Some light, err, vacation reading. (Read: What I Grabbed on My Way Out the Door.)Crisp, Quentin. The Naked Civil Servant. 1968. London: Flamingo, 1985.Summary
: Quentin Crisp recounts his life as an ostracized, effeminate homosexual during the first half of the 20th century. Bouncing from flat to flat and job to job, he tries his hand at tracing, writing, commercial art, and theater, but eventually ends up as a nude model for art students--a "naked civil servant."Comments
: A disjointed narrative offering up insights both universal and particular to the time/culture (though the author does not know the difference) with impunity that is occasionally almost unforgivably funny. He was undoubtedly a most interesting character, wearing feminine clothing and makeup and chattering incessantly. Crisp seems to believe that the very fact of his body is instructive to the society, even if he does not actively crusade against its mores. (How casually cruel the English can be--unbelievable!) However, I couldn't quite envision him; lack of personal experience, plus temporal and cultural difference made it nearly impossible for me to "see" or "hear" him in my mind. Even so, this is an excellent document of queer life between the first two world wars, and the ways in which it documents changing English sentiment toward people who are different is invaluable. The one thing that I don't think (or rather hope not) is still true, though, is the fundamental, inherent sense of shame and sense of inferiority that all homosexuals nurture in themselves. Oh yes, and that is indeed the author himself photographed on the cover. Notes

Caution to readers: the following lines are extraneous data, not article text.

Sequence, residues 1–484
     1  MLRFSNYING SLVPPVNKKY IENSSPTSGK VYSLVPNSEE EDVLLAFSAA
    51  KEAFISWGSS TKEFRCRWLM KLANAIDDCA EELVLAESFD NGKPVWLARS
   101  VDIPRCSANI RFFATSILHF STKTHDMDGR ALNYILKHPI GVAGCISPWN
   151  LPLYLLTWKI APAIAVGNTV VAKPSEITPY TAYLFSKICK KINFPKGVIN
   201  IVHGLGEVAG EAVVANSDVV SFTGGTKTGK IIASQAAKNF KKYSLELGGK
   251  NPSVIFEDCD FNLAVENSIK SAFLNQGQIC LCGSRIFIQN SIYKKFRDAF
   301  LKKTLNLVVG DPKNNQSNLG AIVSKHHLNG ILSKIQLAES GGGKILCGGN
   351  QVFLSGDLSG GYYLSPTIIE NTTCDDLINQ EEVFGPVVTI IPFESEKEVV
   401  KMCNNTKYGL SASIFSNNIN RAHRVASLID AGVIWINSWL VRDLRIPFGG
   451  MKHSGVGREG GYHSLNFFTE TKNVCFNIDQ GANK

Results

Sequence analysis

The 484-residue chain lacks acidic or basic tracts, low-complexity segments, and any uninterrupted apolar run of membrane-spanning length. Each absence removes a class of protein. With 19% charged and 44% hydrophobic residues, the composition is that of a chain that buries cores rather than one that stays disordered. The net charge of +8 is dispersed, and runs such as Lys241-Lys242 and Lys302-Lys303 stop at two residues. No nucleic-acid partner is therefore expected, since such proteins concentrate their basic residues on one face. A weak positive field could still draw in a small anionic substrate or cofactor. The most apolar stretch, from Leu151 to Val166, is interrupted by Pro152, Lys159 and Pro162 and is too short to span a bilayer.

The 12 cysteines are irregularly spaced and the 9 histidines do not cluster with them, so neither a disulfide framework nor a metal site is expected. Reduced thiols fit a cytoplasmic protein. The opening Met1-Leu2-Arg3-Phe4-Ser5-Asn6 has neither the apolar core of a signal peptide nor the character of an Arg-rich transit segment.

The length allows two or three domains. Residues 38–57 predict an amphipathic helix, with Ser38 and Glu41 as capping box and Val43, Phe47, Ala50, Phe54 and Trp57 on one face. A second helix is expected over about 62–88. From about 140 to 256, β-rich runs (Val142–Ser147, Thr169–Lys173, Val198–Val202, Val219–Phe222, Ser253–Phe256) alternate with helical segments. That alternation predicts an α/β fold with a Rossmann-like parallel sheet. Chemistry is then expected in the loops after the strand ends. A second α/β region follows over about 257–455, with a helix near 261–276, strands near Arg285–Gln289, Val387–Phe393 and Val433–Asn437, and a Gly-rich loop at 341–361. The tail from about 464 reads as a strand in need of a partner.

: trade paperback, 17th printingRating
- Worth checking out for those interested in memoirs, the time period, the subject matter (homosexuality and prejudice/tolerance), and/or dry British wit.